The Pupil Premium is additional funding given to publicly funded schools in England to raise the attainment of disadvantaged pupils in order to close the gap between them and their peers. Childer Thornton Primary School receives £1,300 for each child registered as eligible for free school meals at any point in the last 6 years.
School also receives £1,900 for each post-adopted pupil who was adopted from care on or after 30 December 2005, or left care under a special guardianship order or a residence order.
School also receives £300 per service family pupils.
Our Pupil Premium Strategy
At Childer Thornton, we ensure that each child's allocated Pupil Premium funding is spent directly on that child with measurable outcomes that can demonstrate impact. Rigorous, holistic assessment is carried out, together with input from the family, with the aim that each individual child's specific needs and barriers to learning are identified.
Summary of the main barriers to educational achievement faced by eligible pupils of the school
A high proportion of our Pupil Premium funding is allocated to children who are adopted and have previously been in care. We have therefore identified the main barriers to achievement as emotional & social well-being and attachment.
How the pupil premium allocation is spent in order to address those barriers and the reasons for our approach
We have carried out a significant amount of research into the impact of emotional well-being and attachment on pupil achievement. As a result, we have implemented the following strategies in order to remove these barriers to learning:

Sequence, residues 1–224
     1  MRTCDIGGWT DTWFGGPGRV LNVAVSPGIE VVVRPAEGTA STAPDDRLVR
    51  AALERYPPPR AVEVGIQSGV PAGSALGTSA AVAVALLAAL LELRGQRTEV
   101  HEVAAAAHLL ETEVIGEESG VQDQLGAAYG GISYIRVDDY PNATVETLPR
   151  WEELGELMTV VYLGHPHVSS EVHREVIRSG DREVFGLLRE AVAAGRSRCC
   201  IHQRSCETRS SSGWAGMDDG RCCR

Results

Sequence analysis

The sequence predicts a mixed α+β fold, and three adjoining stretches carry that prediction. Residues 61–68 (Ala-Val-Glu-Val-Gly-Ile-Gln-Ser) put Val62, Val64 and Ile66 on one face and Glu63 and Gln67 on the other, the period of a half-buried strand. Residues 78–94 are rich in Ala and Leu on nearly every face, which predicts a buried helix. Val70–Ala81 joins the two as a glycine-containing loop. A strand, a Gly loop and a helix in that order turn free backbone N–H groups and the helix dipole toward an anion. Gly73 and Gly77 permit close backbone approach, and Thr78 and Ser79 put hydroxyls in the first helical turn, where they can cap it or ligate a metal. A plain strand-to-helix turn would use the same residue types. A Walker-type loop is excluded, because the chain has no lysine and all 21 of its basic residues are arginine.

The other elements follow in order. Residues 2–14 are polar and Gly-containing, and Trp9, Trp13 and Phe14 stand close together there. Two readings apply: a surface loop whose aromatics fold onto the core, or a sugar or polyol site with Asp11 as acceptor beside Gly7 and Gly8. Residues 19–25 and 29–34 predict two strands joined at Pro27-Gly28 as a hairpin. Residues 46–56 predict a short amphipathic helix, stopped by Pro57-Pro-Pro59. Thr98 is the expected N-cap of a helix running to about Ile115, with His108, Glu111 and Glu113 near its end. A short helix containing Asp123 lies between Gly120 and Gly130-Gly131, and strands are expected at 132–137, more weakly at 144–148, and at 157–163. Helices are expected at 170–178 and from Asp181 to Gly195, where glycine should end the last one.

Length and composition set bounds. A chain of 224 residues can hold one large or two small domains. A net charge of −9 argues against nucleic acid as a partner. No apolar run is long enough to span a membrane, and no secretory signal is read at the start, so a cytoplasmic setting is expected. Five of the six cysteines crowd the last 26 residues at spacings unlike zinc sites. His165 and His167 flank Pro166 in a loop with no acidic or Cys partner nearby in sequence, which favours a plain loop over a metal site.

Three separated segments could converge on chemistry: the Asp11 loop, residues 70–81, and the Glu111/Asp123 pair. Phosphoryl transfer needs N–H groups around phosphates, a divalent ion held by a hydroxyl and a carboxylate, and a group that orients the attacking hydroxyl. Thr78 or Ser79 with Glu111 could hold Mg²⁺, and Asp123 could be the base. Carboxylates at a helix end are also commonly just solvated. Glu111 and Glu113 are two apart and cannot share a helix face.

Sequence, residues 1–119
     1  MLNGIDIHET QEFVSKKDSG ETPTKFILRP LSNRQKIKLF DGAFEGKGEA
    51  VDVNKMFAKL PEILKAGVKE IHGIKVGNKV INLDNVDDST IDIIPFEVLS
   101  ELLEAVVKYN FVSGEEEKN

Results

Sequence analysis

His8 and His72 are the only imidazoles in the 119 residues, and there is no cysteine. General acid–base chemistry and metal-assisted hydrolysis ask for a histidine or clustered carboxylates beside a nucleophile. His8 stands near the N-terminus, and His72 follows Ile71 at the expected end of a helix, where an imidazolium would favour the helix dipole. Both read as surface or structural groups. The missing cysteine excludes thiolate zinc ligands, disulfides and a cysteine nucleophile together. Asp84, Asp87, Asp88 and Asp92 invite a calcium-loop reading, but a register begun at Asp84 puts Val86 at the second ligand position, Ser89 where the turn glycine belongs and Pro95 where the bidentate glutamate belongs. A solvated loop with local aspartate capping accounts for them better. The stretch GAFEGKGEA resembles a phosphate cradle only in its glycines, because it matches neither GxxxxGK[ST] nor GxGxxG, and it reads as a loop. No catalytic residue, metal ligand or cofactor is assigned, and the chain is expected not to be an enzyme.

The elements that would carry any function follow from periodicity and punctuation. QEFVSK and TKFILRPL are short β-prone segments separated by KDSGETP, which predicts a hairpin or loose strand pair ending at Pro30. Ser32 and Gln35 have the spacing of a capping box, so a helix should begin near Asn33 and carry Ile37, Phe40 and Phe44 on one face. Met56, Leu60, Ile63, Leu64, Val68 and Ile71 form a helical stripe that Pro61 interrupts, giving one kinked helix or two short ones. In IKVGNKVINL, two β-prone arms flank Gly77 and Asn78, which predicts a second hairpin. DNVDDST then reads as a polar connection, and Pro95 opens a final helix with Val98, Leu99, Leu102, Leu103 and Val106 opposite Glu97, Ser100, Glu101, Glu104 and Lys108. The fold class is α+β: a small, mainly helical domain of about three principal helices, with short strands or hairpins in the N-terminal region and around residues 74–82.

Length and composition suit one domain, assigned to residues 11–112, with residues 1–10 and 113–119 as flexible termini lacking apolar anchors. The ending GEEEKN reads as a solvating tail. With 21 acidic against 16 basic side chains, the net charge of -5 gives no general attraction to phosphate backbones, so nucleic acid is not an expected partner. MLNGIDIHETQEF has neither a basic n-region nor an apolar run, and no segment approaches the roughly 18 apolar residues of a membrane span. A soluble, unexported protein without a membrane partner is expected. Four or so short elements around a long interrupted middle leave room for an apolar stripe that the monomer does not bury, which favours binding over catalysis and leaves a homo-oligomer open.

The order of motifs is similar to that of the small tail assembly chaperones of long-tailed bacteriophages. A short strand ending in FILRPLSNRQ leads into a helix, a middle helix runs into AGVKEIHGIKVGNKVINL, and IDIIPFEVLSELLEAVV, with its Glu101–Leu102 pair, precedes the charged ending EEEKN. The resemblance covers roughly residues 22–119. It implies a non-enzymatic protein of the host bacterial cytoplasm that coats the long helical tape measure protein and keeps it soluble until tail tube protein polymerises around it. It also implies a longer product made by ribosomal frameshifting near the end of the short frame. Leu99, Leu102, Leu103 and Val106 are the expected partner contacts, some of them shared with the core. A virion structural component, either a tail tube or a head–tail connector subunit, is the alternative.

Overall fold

- Whole school attachment training with Braveheart Education (www.bravehearteducation.co.uk)
- 2 members of staff trained as Learning Mentors with a specific focus on attachment
- Theraplay training
- Nurture training
- Mental Health training
- Emotional Literacy Support training
- Place2Be introductory programme
- Lego Therapy
How we measure the impact and effect of expenditure of the pupil premium allocation
Pupils are assessed in-line with our school assessment policy. Pupil progress meetings are held termly where strengths are celebrated and areas for further improvement identified. For non-academic subjects, we use pupil voice and qualitative data collated from parents & staff to assess the impact this is having on the emotional well-being and mental health of the child. We use the Boxall profile which provides a framework for the precise assessment of children who have social, emotional and behavioural difficulties.
Our Pupil Premium strategy is reviewed termly with the Pupil Premium governor and reported at FGB.
67% of children (6 out of 9) receiving Pupil Premium funding achieved at least the expected standard in reading, writing and maths. One of these pupils also has special educational needs. The percentage of non-SEND children achieving at least the expected standard is 78% (7 out of 9 children) which is broadly in-line with non-disadvantaged children across school.